A new report from ProPublica and the Chronicle of Higher Education raises serious alarms about the pressures being placed on Boise State University from the far right wing of the Idaho Republican Party.
The story documents the battle that’s been going on now for close to three years, just before Boise State President Marlene Tromp took office.
It lays out the publicly known and highly publicized squabbles over diversity, equity and inclusion efforts that have transpired over the past three years, going back to the first harbinger in 2019 over a memo detailing the university’s diversity efforts written by interim president Martin Schimpf, before Tromp even stepped foot in office.
The article is appropriately titled “The Other Cancel Culture, How a Public University Is Bowing to a Conservative Crusade.”
That’s because the story documents steps the university has taken that appear to appease right-wing legislators and the Idaho Freedom Foundation.
The article rightly connects what’s going on at Boise State with what’s happening across the country.
Because it’s not just Idaho.
The so-called “conservative” movement is on the attack against alleged indoctrination in public schools, especially higher education, the supposed teaching of critical race theory, allegedly obscene materials in library, transgender rights, even gay rights in its crusade against what it calls “woke” culture.
Triggered by the culture war emergency du jour, “critical race theory,” Idaho’s Republican legislators have cast a wide net, to include anything having to do with diversity, equity or inclusion, somehow conflating that with the idea that it is all part of some Marxist takeover of the United States.
The attacks leave Tromp walking a fine line between trying to execute her vision for a world-class, high-quality institution in Idaho and appeasing right-wing legislators who want to dismantle programs they don’t agree with and dictate to Tromp how she should run the school.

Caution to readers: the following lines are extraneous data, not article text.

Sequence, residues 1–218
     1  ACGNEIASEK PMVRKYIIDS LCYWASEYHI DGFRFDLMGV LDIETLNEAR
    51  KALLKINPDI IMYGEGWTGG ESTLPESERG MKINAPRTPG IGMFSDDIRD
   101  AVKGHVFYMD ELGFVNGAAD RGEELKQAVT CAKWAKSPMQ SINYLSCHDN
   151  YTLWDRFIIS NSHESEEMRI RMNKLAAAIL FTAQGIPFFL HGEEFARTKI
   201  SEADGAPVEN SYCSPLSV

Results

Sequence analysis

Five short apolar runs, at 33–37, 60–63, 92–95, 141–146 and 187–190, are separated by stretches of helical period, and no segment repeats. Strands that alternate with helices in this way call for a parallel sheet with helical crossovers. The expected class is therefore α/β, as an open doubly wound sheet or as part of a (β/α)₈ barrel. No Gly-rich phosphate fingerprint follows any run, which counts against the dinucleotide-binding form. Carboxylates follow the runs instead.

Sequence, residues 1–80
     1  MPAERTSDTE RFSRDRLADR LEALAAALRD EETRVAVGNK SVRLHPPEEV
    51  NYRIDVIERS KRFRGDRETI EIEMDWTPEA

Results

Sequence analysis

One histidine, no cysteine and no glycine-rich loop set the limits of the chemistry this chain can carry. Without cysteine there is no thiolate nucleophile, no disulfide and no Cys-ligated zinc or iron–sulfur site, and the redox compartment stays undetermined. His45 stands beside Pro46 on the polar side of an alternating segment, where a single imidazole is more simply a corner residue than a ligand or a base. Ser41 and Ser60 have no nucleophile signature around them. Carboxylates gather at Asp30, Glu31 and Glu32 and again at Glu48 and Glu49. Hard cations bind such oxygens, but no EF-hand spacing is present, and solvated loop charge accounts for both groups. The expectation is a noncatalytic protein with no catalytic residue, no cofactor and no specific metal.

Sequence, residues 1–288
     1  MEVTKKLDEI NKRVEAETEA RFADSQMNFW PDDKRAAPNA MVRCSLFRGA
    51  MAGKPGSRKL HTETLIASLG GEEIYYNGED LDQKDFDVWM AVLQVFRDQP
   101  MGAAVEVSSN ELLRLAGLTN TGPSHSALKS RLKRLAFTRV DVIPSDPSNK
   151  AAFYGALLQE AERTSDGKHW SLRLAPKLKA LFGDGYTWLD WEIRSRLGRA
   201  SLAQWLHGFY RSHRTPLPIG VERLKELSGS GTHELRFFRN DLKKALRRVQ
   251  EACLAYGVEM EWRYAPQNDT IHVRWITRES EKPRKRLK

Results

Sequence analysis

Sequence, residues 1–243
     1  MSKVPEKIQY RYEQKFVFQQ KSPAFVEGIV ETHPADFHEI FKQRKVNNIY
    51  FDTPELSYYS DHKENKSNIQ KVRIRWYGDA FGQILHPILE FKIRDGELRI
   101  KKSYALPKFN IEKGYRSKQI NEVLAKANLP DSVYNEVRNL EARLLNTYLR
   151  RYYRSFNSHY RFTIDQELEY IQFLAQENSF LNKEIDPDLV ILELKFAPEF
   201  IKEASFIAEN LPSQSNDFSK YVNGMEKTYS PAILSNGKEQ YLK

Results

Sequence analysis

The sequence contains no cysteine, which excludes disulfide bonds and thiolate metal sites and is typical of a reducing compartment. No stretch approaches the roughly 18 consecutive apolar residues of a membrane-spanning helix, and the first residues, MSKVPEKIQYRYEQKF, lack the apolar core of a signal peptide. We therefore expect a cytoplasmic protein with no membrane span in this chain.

The last thing Boise State needs is a reputation as a university that takes orders from the right wing of the Republican Party.
Also concerning is the impact this could have on recruiting faculty who might view Boise State specifically and Idaho more generally as too toxic of a place to work.
There are already signs.
According to the article, a candidate for Boise State president bowed out after researching state politics. “I felt my values may not be shared by the governance structures in Idaho,” she said, according to the article. “I didn’t want to have those fights.”
Other job applicants for other positions looked at the politics of Idaho and withdrew their applications, according to the article. Republican legislators apparently also successfully scuttled Tromp’s effort to hire a vice provost for diversity.
If anything, Idaho legislators should be championing Boise State’s efforts, as the fortunes of this growing capital city and state are tied to the success of Idaho’s top-tier university.
The most recent study, done in 2018, of the economic impact of Boise State University showed the university and its alumni drove nearly $1.9 billion of economic activity in Idaho in fiscal year 2015. That means that for every $1 the state allocated to Boise State, the university returned $8 in economic activity, according to the analysis. When the contributions and impact of Boise State alumni were included, that benefit tripled to $24.
The study also found that close to 68% of Boise State graduates stay in Idaho, and alumni living in Idaho in 2015 contributed approximately $1.2 billion to the state’s economy that year alone.
Industry leaders have credited Boise State and its programs as leading drivers in their decisions to move to or expand in Idaho’s largest city, according to the study.
Those industry leaders, we will point out, all have their own diversity, equity and inclusion programs, recognizing the importance of such efforts. What message does that send to them when legislators chastise our own universities and seek to defund them over these same efforts?
The message should be loud and clear to legislators who attack and withhold funding from our universities over the boogeyman of critical race theory.
Statesman editorials are the unsigned opinion of the Idaho Statesman’s editorial board. Board members are opinion editor Scott McIntosh, opinion writer Bryan Clark, editor Chadd Cripe, newsroom editors Dana Oland and Jim Keyser and community members Johanna Jones, Maryanne Jordan and Ben Ysursa.